Electrical conduction properties of nickel plating
Q. Is there a difference in electrical conductive properties between bright nickel plating and electroless nickel plating? I have been using electroless nickel plated beryllium copper for an electrical contact and am finding less than optimal conductivity. Is there another type of plating that would provide good corrosion resistance and better conduction?Kjersha Wanlass
- Berkeley, California, USA
A. Dear Mr Wanlass,
There is a difference in electrical conductivity properties. The specific resistance of electroless nickel with 6-7% P is about 50-70 micro-ohm-cm, in general the more phosphorus the more resistance. For example 3% P gives a resistance of about 30 micro-ohm-cm, 8-9% P gives a resistance of about 90-110 micro-ohm-cm. Heat treatment can lower the resistance a lot. Also the amount and kind of additives in the plating bath influences the electrical resistivity.
The specific resistance of bright nickel is about 12-19 micro-ohm-cm, depending of what kind of bath(chloride,sulfate) and what additives are used. Pure nickel, plated out of a bath without any organic additives,has a specific resistance of about 7-8 micro-ohm-cm. Plating silver over nickel or NiP gives excellent electrical properties and provides good corrosion resistance.
- Eindhoven, The Netherlands
December 15, 2012
Q. I have electrical contact between mild steel to mild steel blocks, diameter 300 mm. The current flowing is 600 A TRMS, AC (50 Hz). I need to know what plating is best in this scenario. Also, will plating lower the contact resistance, as plating introduces two more contacts in principle as steel to steel contact becomes steel to nickel to nickel to steel after plating. Please clear these doubts.Sanjay Patel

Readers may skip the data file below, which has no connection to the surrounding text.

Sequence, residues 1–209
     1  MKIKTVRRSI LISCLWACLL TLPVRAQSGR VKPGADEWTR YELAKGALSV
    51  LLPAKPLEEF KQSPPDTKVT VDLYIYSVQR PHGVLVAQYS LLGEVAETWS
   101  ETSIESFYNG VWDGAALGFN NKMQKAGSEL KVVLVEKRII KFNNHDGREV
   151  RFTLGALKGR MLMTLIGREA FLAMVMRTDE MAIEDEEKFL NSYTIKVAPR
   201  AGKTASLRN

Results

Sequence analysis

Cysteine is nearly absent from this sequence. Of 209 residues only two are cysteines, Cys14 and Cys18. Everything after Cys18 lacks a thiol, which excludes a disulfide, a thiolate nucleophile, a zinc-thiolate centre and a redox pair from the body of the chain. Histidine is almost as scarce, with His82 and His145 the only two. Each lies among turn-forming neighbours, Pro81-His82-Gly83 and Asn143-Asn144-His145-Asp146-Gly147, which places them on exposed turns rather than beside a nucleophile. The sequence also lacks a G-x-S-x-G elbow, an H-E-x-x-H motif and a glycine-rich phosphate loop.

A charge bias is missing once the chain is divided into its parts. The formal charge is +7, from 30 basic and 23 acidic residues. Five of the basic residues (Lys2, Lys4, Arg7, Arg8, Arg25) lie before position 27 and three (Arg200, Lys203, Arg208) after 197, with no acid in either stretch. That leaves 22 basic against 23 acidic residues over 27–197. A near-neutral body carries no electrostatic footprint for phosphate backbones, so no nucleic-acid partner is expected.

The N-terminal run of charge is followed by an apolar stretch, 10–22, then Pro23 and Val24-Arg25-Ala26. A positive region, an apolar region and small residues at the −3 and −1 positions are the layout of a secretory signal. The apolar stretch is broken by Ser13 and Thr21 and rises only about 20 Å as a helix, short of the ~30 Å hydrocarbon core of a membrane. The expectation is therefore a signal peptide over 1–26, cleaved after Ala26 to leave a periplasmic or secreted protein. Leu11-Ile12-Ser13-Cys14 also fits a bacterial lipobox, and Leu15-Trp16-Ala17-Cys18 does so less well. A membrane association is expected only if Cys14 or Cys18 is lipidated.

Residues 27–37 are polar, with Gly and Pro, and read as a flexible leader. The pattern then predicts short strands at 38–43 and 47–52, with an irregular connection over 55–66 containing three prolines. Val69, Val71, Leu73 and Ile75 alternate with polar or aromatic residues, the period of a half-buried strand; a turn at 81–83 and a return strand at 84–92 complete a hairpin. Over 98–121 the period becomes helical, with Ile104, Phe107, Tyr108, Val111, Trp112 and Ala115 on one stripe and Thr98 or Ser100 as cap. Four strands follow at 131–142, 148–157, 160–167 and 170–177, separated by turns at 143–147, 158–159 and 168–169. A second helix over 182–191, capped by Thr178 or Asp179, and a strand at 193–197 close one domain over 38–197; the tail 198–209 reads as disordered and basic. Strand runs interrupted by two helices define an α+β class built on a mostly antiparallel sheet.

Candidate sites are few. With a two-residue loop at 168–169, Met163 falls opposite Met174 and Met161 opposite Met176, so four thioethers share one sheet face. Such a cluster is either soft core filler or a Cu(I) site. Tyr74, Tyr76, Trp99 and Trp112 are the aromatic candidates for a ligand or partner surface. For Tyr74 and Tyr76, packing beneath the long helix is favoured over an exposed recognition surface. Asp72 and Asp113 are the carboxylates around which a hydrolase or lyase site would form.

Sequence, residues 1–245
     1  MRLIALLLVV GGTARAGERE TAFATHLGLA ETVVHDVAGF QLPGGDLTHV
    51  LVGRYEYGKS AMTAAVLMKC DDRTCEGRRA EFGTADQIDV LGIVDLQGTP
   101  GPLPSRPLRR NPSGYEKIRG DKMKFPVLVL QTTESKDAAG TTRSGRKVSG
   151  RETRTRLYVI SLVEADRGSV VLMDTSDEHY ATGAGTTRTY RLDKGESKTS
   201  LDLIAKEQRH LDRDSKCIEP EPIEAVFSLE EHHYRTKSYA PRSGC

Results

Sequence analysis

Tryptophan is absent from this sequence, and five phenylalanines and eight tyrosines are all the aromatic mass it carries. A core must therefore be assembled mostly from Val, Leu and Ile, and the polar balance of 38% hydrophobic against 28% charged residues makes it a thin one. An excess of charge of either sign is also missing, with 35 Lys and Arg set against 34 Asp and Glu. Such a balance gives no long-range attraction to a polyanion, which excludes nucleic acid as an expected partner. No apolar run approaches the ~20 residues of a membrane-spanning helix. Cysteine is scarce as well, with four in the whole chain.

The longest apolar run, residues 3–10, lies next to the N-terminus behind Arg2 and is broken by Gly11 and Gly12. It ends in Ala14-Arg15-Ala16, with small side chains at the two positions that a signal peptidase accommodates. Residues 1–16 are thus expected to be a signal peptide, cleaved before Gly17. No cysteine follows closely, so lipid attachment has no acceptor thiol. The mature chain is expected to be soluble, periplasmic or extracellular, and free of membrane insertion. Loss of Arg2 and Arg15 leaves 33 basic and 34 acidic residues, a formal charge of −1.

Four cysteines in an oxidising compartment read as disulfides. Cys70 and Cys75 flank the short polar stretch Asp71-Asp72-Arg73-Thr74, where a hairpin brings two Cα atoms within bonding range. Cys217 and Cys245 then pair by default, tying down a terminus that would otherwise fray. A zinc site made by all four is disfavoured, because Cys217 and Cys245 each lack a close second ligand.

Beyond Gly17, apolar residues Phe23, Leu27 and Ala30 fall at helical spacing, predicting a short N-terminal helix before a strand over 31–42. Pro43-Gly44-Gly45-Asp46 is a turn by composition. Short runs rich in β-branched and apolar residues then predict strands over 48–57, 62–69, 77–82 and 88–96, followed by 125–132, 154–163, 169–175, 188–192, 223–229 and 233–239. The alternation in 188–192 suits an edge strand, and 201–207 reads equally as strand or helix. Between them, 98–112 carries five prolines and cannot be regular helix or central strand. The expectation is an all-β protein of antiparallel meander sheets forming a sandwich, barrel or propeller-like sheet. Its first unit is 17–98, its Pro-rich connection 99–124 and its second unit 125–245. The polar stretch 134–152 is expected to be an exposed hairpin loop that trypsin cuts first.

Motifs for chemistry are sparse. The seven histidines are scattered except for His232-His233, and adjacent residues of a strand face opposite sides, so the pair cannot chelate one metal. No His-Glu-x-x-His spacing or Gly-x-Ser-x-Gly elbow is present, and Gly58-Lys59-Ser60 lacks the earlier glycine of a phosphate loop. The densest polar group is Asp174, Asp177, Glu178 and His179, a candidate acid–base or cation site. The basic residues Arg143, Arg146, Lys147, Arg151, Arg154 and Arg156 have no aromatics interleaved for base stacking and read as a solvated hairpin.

research student, high temperature sintering applications - Surat, Gujarat, India
December 20, 2012
A. Hello Sanjay. Two different types of resistances are involved in contact applications: the internal resistance of the metals, and the contact resistance where the two surfaces are touching, which is high because of dirt and oxides on the surfaces, and incomplete contact.
When two steel surfaces contact each other out in the open air, there is high resistance because of the rust, dirt, and rough surfaces which the electricity must traverse. When two nickel plated surfaces contact each other, the resistance is much lower because the nickel surface is smoother and the oxide film is much thinner. When steel is electroplated with nickel, there is true metallurgical joining of the two surfaces, and very low resistance at that joint. So you will find lower resistance and a much more satisfactory contact by nickel plating the steel surfaces.
Ted Mooney, P.E.
Pine Beach, New Jersey
June 28, 2013
Please reply to below:
1 can brass and steel be nickel and than silver electroless plated?
2 is this a good electrical contact for 220 volt ac 0.07 amp current flow, for just resistive load?
3 what contact pressure is required for this load?
- Lahore, Pakistan
June 29, 2013
Q. Please reply as:
1 nickel plating and then silver plating by electrolysis
2 what is pressure required for contact for 220 volt 0.70 amp resistive load?
3 is max surface area of contact better than minimum
- Lahore, Punjab, Pakistan
Hi cousin Waseem. The answer to question 1 from June 28th is yes; I can't answer the others from that date.
Regarding your posting from June 29th, I don't understand question 1, and can't answer question 2.
Question number 3 is probably not really answerable because on a microscopic scale, the smaller contact may actually have more area in contact: knife edge contacts are often used for better contact, and 'wiping' contacts are often employed where flat contacts are used. The area of brass or steel carrying the current may be much more important than how much of the plated contact touches the other plated contact.
As you see, no truly knowledgable reader has responded despite this page being viewed thousands of times. It usually will work better if you can engage a reader in a conversation before presenting a whole list of questions. Nobody enjoys 'flash card quizzes', and nobody enjoys putting "I don't know" on public record ... but even readers who know 5 of your answers would be put into that position :-)
Ted Mooney, P.E.
Pine Beach, New Jersey
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